JP Morgan's balance sheet has been steadily improving over the past five years. In 2004, the bank held $1.1 trillion in assets following the takeover of BankOne. This grew steadily throughout the next five years. In 2005 the growth rate was 3.5%; in 2006 it was 12.8%; in 2007 it was 15.6%; and in 2008 it was 39.2%. The strong growth in 2008 was attributable more to the acquisitions of Bear Stearns and WaMu than any organic growth. Indeed, liabilities in 2008 grew 39.6% in 2008. Liability growth over the preceding years had been as steady as asset growth. It was 3.8% in 2005; 13.2% in 2006 and 16.4% in 2007. This demonstrates that JP Morgan's liabilities were growing faster than assets in each of the past five years. As a result, their debt ratio has increased from 90.8% in 2004 to 92.3% in 2008. As a consequence of this upwards shift in leverage, the debt-to-equity ratio has also increased. In 2004 the d-e ratio was 10 times; in 2008 it was over 12 times in 2008. Note that on bank balance sheets the d-e ratio is not to be treated the same as it would be for another company, since banks hold liabilities as part of their operating model.

The bulk of JP Morgan's cash flows have derived from financing activities. Financing flows have grown rapidly over the past five years. The exception was in 2005, when financing flows declined. Since then, they have increased 273% in 2006, -14% in 2007 and then 79% in 2008. These changes mirror, approximately, the rates of increases in deposits. The one exception was 2007, which saw an increase in deposits but a decrease in Fed Funds/REPOs. In total financing flows have increased an average of 64% over the past five years.

Cash flow from other activities illustrates the reason why cash flow turned negative in 2008. Cash flow from investing activities - the primary means by which banks make money -- decreased sharply in 2008. Over the past five years, investing flows had remained relatively steady, but in 2008 investment cash flows dipped to -$286 billion, compared with -$73 billion the year previous. This drop was not normal in the context of the past five years and is largely attributable to the purchases made of other financial institutions.

In banks, cash flows from financing and investing essentially offset one another. This is the process of collecting deposits and making loans or investments to earn interest on the deposits. Cash flow from operating activities is somewhat outside of this loop, but represents the impact of some of the other sources of operating income, changes in working capital and the gains/losses on securities. In the case of JP Morgan, cash flows from operating activities had been steadily deteriorating over the previous four years, but improved in 2008, turning positive. This was the result of improvements to working capital that were made in the year.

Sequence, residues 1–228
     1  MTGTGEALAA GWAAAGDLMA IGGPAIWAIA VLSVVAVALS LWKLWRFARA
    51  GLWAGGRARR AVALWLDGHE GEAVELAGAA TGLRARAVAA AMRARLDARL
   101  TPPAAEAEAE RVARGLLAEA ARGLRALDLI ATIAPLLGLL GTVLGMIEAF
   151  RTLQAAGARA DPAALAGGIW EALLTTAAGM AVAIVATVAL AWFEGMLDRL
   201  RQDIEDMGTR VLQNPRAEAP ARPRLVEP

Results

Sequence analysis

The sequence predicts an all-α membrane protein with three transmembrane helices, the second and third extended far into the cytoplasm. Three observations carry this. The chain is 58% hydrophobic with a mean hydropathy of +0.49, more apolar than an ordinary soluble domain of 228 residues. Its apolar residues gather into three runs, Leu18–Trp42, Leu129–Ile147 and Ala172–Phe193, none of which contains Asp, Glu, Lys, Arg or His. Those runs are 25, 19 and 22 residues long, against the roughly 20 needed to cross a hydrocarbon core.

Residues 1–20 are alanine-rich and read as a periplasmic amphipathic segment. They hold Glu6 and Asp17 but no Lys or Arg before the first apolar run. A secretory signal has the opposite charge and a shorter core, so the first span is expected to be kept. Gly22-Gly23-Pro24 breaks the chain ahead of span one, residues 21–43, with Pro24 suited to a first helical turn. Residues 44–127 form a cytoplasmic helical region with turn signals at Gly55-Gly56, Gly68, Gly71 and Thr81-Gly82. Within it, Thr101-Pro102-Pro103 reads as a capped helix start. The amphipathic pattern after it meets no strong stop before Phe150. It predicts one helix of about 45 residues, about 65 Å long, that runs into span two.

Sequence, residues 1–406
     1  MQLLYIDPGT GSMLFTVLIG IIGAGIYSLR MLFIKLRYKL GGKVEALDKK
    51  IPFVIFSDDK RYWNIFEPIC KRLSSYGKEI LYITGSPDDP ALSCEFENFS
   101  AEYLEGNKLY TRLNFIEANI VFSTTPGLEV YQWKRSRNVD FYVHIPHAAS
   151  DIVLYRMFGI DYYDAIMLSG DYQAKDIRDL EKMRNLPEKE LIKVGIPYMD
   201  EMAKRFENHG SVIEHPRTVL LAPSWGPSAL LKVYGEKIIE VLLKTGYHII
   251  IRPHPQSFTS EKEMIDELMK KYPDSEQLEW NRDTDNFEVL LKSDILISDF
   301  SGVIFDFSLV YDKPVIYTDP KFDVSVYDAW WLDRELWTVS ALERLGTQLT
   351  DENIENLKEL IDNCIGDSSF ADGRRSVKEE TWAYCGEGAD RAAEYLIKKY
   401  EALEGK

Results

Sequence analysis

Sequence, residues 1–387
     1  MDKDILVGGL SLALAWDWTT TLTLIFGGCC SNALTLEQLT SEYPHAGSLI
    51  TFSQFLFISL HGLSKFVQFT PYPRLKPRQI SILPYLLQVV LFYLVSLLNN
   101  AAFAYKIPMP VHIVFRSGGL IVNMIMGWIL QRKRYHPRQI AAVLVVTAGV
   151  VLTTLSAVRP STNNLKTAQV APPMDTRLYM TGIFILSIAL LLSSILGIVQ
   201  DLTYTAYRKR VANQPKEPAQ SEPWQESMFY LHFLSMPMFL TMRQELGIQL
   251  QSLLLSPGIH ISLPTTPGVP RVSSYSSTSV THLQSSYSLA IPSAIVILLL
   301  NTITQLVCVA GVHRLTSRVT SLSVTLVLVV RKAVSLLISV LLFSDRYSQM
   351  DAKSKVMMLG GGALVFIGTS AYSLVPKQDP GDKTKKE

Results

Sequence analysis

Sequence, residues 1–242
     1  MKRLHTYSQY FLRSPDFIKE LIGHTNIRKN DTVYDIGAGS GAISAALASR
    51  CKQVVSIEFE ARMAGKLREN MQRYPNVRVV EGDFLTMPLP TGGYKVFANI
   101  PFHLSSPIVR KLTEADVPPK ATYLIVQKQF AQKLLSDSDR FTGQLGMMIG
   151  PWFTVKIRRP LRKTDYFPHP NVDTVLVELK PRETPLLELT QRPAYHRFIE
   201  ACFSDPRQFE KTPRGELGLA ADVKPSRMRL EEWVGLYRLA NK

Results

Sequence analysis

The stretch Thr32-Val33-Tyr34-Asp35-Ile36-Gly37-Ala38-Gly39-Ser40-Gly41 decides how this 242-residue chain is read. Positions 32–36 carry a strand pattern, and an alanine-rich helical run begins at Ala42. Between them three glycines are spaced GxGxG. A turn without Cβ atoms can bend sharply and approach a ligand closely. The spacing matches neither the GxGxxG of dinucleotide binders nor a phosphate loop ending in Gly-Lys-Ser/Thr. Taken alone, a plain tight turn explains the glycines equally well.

JP Morgan has poor margins relative to the industry. Last year, JP Morgan had a pre-tax margin of 4.1%; the industry enjoyed a 10.4% pre-tax margin. The lack of strong margin was not just a one-time event. Over the past five years, JP Morgan's pre-tax margin has averaged 21.2%, compared with 27% for the industry. The same trend occurs with net margin. JP Morgan last year had a net margin of 5.5%; the industry overall enjoyed a 9.5% net margin. Over the past five years, JP Morgan's net margin was 15.2%, compared with 19.7% for the industry.

JP Morgan is less highly leveraged than its industry peers. Its debt-to-equity ratio, as calculated by MSN Moneycentral using different metrics, is 3.86; the industry's is 3.06. However, JP Morgan has a leverage ratio of 13.0 compared with 15.5.

Returns on JP Morgan are generally weaker than those in the industry as a whole. The company underperformed last year with respect to return on equity at 2.3%, compared with 5.4% in the industry. Over the past five years, average ROE at JP Morgan has been 8.2%, compared with 13.1%. Return on assets last year was 0.2%; compared with 0.4%. Over the past five years JP Morgan has returned 0.7% on assets, compared with 0.9%. It is clear that JP Morgan is simply not as efficient as some its competitors in the banking industry.

Over the past five years, JP Morgan's earnings per share had steadily increased, from $1.87 in 2004 to $4.56 in 2007. This decreased in 2008 to its lowest level of the study period. The company has continued to pay its dividends, however, and these have increased over the past five years by an average of 2.3%. The company's stock chart for the past five years roughly mirrors its financial performance -- a steady incline followed by steep declines as the financial crisis deepened.

What we can conclude from this is that JP Morgan generally underperforms its industry peers and has struggled as a result of the recent economic downturn. The company underperforms the industry in… [END OF PREVIEW] . . . READ MORE